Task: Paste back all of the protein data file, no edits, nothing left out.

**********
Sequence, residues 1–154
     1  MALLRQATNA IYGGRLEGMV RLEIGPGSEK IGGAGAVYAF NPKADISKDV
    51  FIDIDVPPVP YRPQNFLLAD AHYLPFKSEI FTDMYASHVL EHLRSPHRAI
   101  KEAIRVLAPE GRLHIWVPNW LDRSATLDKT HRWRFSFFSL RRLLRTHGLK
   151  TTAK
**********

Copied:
Sequence, residues 1–154
     1  MALLRQATNA IYGGRLEGMV RLEIGPGSEK IGGAGAVYAF NPKADISKDV
    51  FIDIDVPPVP YRPQNFLLAD AHYLPFKSEI FTDMYASHVL EHLRSPHRAI
   101  KEAIRVLAPE GRLHIWVPNW LDRSATLDKT HRWRFSFFSL RRLLRTHGLK
   151  TTAK